Choosing workstation layout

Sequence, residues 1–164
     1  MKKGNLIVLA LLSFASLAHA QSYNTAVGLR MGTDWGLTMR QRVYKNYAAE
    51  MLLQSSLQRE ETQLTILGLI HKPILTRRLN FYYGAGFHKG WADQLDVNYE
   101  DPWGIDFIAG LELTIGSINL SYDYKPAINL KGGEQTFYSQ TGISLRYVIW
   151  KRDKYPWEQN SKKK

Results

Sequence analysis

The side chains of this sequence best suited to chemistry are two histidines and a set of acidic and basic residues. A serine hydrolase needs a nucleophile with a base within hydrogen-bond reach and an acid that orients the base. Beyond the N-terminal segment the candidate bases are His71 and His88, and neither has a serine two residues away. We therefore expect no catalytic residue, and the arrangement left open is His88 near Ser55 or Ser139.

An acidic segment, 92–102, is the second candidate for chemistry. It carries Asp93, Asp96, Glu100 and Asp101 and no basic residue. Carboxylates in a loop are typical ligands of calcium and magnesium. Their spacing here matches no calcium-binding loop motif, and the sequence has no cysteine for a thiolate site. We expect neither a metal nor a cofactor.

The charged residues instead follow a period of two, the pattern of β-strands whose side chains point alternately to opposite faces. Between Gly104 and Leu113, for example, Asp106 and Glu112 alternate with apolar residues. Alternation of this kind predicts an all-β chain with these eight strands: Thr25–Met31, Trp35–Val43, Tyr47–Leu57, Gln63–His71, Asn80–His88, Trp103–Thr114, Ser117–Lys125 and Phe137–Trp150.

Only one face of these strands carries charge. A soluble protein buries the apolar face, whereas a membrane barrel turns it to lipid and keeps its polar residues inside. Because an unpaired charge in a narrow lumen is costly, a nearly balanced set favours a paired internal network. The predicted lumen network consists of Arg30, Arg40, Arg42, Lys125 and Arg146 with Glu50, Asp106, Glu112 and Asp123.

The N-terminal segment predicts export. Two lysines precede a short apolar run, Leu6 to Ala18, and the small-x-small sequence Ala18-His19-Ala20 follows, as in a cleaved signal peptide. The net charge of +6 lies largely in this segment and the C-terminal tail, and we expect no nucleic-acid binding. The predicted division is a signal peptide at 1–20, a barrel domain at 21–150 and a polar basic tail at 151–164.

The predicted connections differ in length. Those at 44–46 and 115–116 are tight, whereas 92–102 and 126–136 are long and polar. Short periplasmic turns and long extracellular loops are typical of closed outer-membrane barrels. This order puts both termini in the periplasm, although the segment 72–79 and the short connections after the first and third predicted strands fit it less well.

For ease of use of the multichannel analytical system, it is optimal to place the equipment on the horizontal platforms, whereby the metal stream is directed vertically, and the axis of the X-ray beams are focused in the horizontal plane. The area of the energy spectrum E <30 keV is most often used for the measurement of structural materials. However, as mentioned above, in this area of the spectrum the source emits in the solid angle Ωi about 2π, therefore the permissible angular positions of the axes of subject beams should be displaced from the tangent line to the metal stream at the point of excitation by an electron beam in the direction of the source of excitation (fig.2). The angular interval α between axes of the beams 1-6 is formally limited to the need to place at the output windows of the source collimation, alignment and focusing elements of the structure. The technical restrictions on the number of channels are associated with the presence in the radiator body of elements of the equipment, i.e. the electron gun, pipes, valves and gauges of the source parameters. In the hard part of the spectrum E > 50 keV radiation can be additionally put out from the metal stream in the direction of the beams 7 and 8. However, the operational practice shows that for the measurement, the instrument setup and installation of various types of samples it is necessary to allow staff access to any part of the station’s equipment; so it is optimal to place four stations around the source according to the diagram shown in fig.3.